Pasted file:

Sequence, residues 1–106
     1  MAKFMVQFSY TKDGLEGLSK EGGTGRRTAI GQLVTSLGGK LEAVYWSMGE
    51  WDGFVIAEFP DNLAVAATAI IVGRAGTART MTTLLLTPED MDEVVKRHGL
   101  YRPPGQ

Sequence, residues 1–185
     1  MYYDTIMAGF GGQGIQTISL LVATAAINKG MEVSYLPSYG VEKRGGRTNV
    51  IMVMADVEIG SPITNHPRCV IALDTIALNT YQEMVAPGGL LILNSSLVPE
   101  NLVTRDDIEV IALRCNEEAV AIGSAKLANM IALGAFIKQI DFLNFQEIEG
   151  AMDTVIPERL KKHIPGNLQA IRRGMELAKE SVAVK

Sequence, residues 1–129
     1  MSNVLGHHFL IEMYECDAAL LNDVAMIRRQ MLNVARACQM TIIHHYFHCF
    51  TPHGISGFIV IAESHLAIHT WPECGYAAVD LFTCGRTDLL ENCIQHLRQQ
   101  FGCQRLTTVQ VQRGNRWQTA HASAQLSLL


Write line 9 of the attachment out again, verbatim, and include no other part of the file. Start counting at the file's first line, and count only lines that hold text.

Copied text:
   151  AMDTVIPERL KKHIPGNLQA IRRGMELAKE SVAVK